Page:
Eating Disorders and the Therapeutic Relationship

Eating disorders, the most lethal of all the mental health disorders, kill and maim 6 to 13% of their victims, 87% of whom are children under the age of 20. “Best practice” treatment strategies for patients with anorexia nervosa, bulimia nervosa, and binge eating disorder all too frequently fall short of achieving timely and sustainable recovery outcomes. Beyond eating lifestyle dysfunction, eating disorders represent impairment of the patient’s Self, as seen in the loss of self-trust, self-control, self-regulation, self-care, and emotional resiliency, so necessary in coping with adversity and engaging in confidence-building life opportunities.

The development and recovery of the re-integrated Self in eating disorder treatment is best facilitated through the mindful and versatile use of the therapist’s self within a quality therapeutic relationship, the inclusion of parents and families in the treatment process where appropriate, and an appreciation of the fact that within the context of clinical treatment, healing changes in the patient’s behaviors and attitudes represent healing changes in the patient’s brain.

Eating Disorders and the Loss of Self

From infancy to adulthood, self-development occurs primarily within the context of human relationships, be they personal, familial, or professional. The loss of the connection with the eating disordered individual’s authentic Self becomes apparent cognitively, emotionally, physiologically, neurologically, and socially, typically rendering victims resistant to accepting diagnosis and engaging in treatment. Losses of connection can be seen in:

  • A lack of neurobiological connectivity within brain domains and within the distributed connections between the cranial-based self and the embodied-self.
  • The loss of the patient’s healthy relationship with food.
  • The loss of connection to significant others due to social withdrawal.
  • Attachment dysfunctions in eating disordered individuals, which often exacerbate challenges in treatment engagement and continuity of care.
  • Experiencing disconnection from feelings and sensation; eating disordered individuals may not recognize eating disorder symptoms as signs of dysfunction, denying the existence of a problem.
  • Withdrawal from significant others that may result in parents speaking of their eating disordered children as “strangers.” Where weight and behaviors typically reside on the continuum of normal, eating disorders ironically surface all too rarely in physician’s offices during medical examinations and in laboratory tests. Nondisclosure of dysfunctional behaviors is typical in psychotherapy offices as well, in light of the patient’s fear of stigma, rejection, or having to face the reality of the need to recover.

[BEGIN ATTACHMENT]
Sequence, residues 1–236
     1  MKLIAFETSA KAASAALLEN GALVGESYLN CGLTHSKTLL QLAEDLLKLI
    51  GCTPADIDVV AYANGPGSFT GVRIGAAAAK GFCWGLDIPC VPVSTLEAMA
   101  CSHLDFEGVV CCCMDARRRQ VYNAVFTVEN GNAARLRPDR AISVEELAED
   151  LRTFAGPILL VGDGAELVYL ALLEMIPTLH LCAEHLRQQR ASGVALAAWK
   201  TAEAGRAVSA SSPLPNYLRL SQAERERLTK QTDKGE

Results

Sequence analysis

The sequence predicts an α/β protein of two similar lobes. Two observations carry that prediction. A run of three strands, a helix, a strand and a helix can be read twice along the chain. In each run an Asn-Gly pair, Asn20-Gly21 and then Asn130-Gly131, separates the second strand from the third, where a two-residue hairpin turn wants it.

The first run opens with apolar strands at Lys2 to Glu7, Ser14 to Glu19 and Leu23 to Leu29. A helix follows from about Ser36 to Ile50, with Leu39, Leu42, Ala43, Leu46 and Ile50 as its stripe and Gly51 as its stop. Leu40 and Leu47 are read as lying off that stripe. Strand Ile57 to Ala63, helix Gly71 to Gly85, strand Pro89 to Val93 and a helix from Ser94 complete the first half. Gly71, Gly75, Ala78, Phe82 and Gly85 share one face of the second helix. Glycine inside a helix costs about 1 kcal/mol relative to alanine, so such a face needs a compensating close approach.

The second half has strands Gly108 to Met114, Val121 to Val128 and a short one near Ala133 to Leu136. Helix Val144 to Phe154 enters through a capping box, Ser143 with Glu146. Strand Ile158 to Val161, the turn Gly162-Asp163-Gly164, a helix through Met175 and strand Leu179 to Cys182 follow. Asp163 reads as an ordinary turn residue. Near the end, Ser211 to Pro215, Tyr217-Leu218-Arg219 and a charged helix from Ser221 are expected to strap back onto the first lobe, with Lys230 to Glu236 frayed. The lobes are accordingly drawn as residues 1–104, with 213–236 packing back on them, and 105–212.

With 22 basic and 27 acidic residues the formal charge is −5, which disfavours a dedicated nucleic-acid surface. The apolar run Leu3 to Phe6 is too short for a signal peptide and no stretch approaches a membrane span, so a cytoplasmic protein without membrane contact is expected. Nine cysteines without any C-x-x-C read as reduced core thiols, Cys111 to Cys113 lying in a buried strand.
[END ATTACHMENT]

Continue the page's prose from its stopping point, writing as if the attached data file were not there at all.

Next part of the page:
Self re-integration, a pivotal predictor in the achievement of positive mental health (Siegel, 2006) and a benchmark of full eating disorder recovery, becomes enhanced by treatment modalities that facilitate connections between people, mind-brain-and-body systems, and brain domains.

Because eating disorders are principally disorders of connection, the healing energy within the success of any treatment methodology occurs within the context of the therapeutic relationship.

Parents and Families As Recovery Advocates

Eating disorders insinuate themselves into relationships between family members. As family system disorders, eating disorders show up everywhere within the context of daily living, side by side with significant others, at kitchen tables, in restaurants, in family bathrooms, at school, and in places of employment. Though generally not responsible for causing eating disorders, which originate in genetic and temperament susceptibilities, parents who participate in their child’s treatment and engage in psychoeducation enjoy the potential to promote disease prevention and/or recovery. Becoming knowledgeable about eating disorders, the complex nature of their treatment and recovery, and their own role in their child’s recovery (particularly when the child remains in outpatient care while residing at home), parents can become ‘most valuable players’ in their child’s treatment team.